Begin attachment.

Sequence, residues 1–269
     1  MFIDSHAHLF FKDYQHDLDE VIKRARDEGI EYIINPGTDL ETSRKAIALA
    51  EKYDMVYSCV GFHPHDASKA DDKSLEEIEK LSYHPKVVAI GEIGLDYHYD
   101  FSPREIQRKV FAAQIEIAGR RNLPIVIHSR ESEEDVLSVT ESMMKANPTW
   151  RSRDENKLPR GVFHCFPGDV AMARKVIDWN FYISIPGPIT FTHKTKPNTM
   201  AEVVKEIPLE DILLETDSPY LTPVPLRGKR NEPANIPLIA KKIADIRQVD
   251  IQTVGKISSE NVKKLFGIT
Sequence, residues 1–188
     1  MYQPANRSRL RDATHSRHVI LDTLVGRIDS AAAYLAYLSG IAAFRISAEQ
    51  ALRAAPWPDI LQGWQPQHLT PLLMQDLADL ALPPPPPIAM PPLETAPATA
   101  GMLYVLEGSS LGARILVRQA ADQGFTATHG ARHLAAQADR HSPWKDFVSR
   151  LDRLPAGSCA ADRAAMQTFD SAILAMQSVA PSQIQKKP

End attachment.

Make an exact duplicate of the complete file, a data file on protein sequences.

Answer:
Sequence, residues 1–269
     1  MFIDSHAHLF FKDYQHDLDE VIKRARDEGI EYIINPGTDL ETSRKAIALA
    51  EKYDMVYSCV GFHPHDASKA DDKSLEEIEK LSYHPKVVAI GEIGLDYHYD
   101  FSPREIQRKV FAAQIEIAGR RNLPIVIHSR ESEEDVLSVT ESMMKANPTW
   151  RSRDENKLPR GVFHCFPGDV AMARKVIDWN FYISIPGPIT FTHKTKPNTM
   201  AEVVKEIPLE DILLETDSPY LTPVPLRGKR NEPANIPLIA KKIADIRQVD
   251  IQTVGKISSE NVKKLFGIT
Sequence, residues 1–188
     1  MYQPANRSRL RDATHSRHVI LDTLVGRIDS AAAYLAYLSG IAAFRISAEQ
    51  ALRAAPWPDI LQGWQPQHLT PLLMQDLADL ALPPPPPIAM PPLETAPATA
   101  GMLYVLEGSS LGARILVRQA ADQGFTATHG ARHLAAQADR HSPWKDFVSR
   151  LDRLPAGSCA ADRAAMQTFD SAILAMQSVA PSQIQKKP